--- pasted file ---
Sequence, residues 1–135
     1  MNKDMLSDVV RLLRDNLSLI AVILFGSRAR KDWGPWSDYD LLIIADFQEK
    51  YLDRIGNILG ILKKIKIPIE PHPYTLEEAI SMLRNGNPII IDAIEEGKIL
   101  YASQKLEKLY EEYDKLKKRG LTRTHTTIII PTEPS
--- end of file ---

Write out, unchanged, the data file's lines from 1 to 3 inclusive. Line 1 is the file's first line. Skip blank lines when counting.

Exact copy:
Sequence, residues 1–135
     1  MNKDMLSDVV RLLRDNLSLI AVILFGSRAR KDWGPWSDYD LLIIADFQEK
    51  YLDRIGNILG ILKKIKIPIE PHPYTLEEAI SMLRNGNPII IDAIEEGKIL